The U.S. biodiesel industry set a new record in 2013 by producing nearly 1.8 billion gallons, according to recently released EPA figures that underscore the industry’s case for a revised Renewable Fuel Standard (RFS) proposal this year.
The industry’s total production significantly exceeded the 2013 biodiesel requirement under the RFS and was enough to fill the majority of the advanced biofuel requirement. Yet the Obama Administration has proposed holding the 2014 RFS volume for biodiesel at 1.28 billion gallons while also sharply cutting the overall advanced biofuel requirement – a proposal that, if finalized, would significantly reduce production.
Industry leaders pointed to the new 2013 numbers in again calling on the Administration to increase the biodiesel and advanced RFS proposals to at least reflect current production rates.
"The success of the biodiesel industry in 2013 proves that the RFS is working today and stimulating the commercial-scale production of advanced biofuel," said Joe Jobe, CEO of the National Biodiesel Board (NBB), the U.S. trade association. "It also makes it incredibly frustrating that the Obama Administration is backing away from this progress with its recent RFS proposal."
"If our industry produced 1.8 billion gallons of advanced biofuel in 2013, why is the Administration retreating to 1.28 billion gallons for 2014?" Jobe asked. "We’re proving it can be done. What we need is consistent policy, and that is sorely lacking in Washington right now."
Made from a wide range of feedstocks including recycled cooking oil, soybean oil and animal fats, biodiesel is the first EPA-designated advanced biofuel to reach commercial-scale production nationwide. The year-end volume, reported on the EPA’s website, is listed under the Biomass-Based Diesel category, which is a subset of the overall Advanced category. The new record was reached with production in nearly every state in the country.
"It is incomprehensible that an Administration that has unequivocally supported renewable fuels since day one has suddenly decided to retreat on the first advanced biofuel to reach commercial-scale production nationwide," Jobe said. "It threatens biodiesel businesses across the country and thousands of jobs, and it undercuts the Administration’s stated priority of reducing greenhouse gas emissions."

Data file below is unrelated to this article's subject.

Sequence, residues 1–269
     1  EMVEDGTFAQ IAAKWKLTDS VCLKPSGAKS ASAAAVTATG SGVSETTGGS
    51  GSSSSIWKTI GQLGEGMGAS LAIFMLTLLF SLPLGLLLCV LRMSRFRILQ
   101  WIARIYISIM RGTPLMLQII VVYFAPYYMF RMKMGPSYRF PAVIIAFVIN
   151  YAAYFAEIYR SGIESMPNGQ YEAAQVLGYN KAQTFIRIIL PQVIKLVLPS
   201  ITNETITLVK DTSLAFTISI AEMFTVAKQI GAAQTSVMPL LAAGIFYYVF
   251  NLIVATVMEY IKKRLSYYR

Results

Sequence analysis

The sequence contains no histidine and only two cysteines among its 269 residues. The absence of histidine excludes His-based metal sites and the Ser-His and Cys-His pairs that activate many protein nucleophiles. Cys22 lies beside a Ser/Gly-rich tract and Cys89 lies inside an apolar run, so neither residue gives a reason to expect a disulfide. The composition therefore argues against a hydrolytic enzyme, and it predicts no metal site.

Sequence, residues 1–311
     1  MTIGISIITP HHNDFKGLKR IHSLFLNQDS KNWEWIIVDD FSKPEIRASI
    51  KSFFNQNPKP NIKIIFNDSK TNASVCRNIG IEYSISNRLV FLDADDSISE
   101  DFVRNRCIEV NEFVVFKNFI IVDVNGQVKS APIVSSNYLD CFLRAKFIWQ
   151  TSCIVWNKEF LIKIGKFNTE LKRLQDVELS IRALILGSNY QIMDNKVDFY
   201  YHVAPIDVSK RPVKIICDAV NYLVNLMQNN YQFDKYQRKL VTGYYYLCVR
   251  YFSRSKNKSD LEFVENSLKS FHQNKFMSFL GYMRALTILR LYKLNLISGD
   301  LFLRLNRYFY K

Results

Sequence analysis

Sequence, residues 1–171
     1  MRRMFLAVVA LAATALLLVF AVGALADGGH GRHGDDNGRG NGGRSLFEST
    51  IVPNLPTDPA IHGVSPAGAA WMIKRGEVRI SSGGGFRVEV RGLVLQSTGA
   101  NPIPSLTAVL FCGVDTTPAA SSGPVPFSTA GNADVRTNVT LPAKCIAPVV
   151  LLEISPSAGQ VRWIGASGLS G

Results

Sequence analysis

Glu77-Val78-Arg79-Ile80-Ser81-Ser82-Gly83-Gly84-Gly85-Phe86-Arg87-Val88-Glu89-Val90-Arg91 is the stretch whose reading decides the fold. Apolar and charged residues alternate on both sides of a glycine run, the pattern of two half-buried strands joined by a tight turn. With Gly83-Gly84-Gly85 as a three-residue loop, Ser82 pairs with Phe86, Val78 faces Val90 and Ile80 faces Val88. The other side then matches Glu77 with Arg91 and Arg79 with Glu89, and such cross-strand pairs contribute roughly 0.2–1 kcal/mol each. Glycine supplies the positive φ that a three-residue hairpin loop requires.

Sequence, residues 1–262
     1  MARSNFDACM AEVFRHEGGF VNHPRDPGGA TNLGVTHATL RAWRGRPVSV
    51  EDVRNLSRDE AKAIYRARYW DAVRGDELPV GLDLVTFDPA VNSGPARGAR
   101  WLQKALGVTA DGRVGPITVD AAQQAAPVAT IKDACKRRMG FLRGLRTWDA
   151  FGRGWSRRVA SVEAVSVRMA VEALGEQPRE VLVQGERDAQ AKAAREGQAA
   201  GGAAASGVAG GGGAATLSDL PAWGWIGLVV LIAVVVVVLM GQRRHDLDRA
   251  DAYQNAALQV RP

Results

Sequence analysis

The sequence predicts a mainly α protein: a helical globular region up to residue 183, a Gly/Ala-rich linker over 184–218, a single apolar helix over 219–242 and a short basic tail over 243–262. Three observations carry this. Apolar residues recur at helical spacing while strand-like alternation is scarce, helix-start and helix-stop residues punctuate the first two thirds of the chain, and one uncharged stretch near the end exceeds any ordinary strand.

"Perhaps more importantly, it jeopardizes the future of all renewable energy by sending a terrible signal to entrepreneurs and investors that these policies are not stable, even under a president who professes to support them," Jobe said.
Because some excess 2013 biodiesel production could be “carried over” into 2014 for RFS compliance purposes, the real RFS market this year could be closer to 1 billion gallons for biodiesel – a cut that would shock the industry. News outlets around the country have published stories recently highlighting the harm the proposal would do to local producers.
In addition to the weak RFS proposal, Congress also allowed a key biodiesel tax incentive to lapse on Dec. 31, further disrupting the industry.
"Many biodiesel producers have been running at full capacity in recent months," Jobe said. "That’s driving down costs and creating tremendous economic activity. Yet instead of embracing this success, Washington is walking away from it."
The total Biomass-based Diesel volume of 1.8 billion gallons is primarily biodiesel but also includes renewable diesel, a similar diesel alternative made with the same feedstocks but using a different technology.
According to a recent study, the industry is supporting more than 62,200 jobs nationwide and nearly 8,000 of those jobs would be threatened by a drop in production back to 1.28 billion gallons. Biodiesel reduces greenhouse gas emissions by 57 percent to 86 percent, according to the EPA.